The (usual) Design Process

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Hello! On today’s blog we’re going to give you a behind-the-scenes look at our design process. We’ll take you from the moment a client steps through the doors to installation of the finished product. We are very lucky to have a team of talented and creative designers from all sorts of backgrounds and though each person has a different process that works for them, this is generally how things go:

1. Initial consult

We have showrooms in both Lake Cowichan and Victoria that showcase our products, hardware, and storage innovations, such as pull-out pantries, magic corners, and various cutlery and utensil inserts. We explain how our cabinets are constructed and what clients can expect from us in terms of product quality, service, and timing. The initial conversation between a designer and a client usually covers the scope of the project, potential hardware and appliance choices, suggestions or desires for specific finishes (including cabinetry, tile, and backsplash), and layouts for each room. Once a few initial details are settled the designer moves on to the next step…

2. Drawings and floorplan

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Drawings are now drafted up according to any layout details that have been discussed or suggested by the designer. Once the client agrees on the rough layout, pricing is done up based on that layout; once the job is put into production we’ll head out on site and take final measurements, with production drawings to follow. Our plans are either drawn by hand or done on the computer; it’s a personal choice that varies from designer to designer, and there are advantages and disadvantages to each. In either case each plan will contain to-scale information about location of hardware (ie. magic corners and microwave drawers, as seen above), storage options, appliance placement, and even configuration of drawers and doors.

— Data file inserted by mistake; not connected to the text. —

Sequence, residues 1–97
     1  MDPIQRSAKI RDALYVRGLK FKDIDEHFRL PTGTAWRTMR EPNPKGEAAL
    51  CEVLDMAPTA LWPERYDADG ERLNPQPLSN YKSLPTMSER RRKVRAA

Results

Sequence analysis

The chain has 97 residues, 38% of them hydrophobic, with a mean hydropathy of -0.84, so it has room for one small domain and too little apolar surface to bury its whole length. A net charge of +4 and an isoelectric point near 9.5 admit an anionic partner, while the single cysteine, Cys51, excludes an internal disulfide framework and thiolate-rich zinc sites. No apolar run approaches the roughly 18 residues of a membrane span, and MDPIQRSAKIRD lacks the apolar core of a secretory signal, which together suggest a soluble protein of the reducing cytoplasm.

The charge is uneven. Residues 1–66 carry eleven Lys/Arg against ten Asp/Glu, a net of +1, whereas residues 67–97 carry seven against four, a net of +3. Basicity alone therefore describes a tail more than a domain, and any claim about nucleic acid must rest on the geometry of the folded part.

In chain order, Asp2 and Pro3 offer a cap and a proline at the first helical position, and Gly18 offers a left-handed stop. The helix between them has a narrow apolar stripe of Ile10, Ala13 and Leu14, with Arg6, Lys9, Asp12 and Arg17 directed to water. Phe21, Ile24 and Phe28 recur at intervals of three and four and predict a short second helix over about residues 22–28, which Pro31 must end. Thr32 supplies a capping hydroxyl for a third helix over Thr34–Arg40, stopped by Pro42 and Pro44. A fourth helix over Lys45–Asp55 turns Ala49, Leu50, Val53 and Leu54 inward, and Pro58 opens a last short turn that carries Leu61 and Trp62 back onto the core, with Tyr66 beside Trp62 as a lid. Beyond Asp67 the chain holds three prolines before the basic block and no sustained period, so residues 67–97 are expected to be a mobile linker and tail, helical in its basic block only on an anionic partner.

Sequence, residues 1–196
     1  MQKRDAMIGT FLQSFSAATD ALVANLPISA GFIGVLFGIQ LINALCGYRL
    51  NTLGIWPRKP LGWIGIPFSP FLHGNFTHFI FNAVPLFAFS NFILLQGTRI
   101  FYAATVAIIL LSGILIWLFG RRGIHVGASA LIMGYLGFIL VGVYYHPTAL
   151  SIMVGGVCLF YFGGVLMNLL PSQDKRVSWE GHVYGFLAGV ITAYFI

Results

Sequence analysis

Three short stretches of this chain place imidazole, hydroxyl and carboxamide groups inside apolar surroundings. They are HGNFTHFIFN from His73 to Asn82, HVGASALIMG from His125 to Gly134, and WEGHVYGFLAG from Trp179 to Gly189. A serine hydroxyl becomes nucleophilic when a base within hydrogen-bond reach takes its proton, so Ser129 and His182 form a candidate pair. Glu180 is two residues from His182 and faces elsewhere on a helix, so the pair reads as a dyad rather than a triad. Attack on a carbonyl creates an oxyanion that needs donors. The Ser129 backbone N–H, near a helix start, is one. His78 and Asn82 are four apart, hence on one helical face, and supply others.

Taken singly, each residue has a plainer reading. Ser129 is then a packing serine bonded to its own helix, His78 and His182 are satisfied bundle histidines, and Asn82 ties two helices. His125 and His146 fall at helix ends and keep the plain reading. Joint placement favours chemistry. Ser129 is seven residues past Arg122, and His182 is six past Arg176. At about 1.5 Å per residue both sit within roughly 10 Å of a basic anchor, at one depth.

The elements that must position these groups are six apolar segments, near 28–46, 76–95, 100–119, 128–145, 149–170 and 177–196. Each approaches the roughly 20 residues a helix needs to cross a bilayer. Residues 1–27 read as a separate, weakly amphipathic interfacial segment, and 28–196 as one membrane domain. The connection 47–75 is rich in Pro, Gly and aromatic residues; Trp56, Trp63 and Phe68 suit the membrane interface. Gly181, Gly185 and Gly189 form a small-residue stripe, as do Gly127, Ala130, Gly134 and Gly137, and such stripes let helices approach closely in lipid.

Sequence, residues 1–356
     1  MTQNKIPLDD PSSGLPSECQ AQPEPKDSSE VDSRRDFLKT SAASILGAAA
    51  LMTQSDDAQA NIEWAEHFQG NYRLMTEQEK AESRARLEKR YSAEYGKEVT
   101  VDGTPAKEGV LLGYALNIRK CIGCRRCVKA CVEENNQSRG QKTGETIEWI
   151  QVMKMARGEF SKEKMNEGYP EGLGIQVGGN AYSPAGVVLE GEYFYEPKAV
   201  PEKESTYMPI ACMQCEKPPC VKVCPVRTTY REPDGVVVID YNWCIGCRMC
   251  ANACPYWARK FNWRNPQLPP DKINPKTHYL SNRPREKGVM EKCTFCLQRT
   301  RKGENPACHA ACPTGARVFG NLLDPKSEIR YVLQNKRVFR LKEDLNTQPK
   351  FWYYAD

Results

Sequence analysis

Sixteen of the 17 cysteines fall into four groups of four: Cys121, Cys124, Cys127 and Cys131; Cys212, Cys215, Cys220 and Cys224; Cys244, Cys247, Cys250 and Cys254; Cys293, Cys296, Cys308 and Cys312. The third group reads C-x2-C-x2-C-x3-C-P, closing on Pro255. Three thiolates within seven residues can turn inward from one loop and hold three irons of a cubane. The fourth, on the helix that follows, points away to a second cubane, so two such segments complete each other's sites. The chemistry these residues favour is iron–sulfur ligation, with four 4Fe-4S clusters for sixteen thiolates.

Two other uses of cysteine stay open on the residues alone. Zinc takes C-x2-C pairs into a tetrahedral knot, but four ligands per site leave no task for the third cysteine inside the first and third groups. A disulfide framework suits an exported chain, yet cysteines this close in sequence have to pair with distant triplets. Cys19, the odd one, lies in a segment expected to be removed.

However, the designer always wants to make sure that they’re on the same page as the client, and an additional way to do that is to move things on to the next step…

3. 3D Renderings

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Rather aptly, step 3 involves 3D renderings. 3D renderings are exactly what they sound like – line drawings that have been turned into 3D representations of each component of the room. In a 3D rendering the designer can project the cabinetry at exact heights, use an in-program app to insert exact appliance models, and import saved finishes so the client can picture how well the cabinets complement the floor and/or countertops, how the backsplash looks, and what lighting options work best. This is often the most time-intensive part of the design process, but it is invaluable when it comes to clear and detailed communication between the client and the designer.

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Tara working hard on some 3D renderings

4. Finishing Touches

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As you can see above, sometimes the 3Ds will directly inform how the kitchen turns out in terms of cabinetry configuration and design specs. Once the job is built to the previously discussed specifications, the designer makes sure the clients are happy and provides any further suggestions for placement of inserts, handles, or kitchen hardware. Their goal is to design a kitchen that is practical, long-lasting, and as close as practically possible to what the client was looking for. While the customer is always right, sometimes it also pays to listen to the designer 😉

I’ll let you “process” (haha) this and leave you with a few more images of the work that’s been done with our 3D rendering programs. We’re always posting progress shots on Facebook, so keep an eye out for more amazing designs. See you next time!

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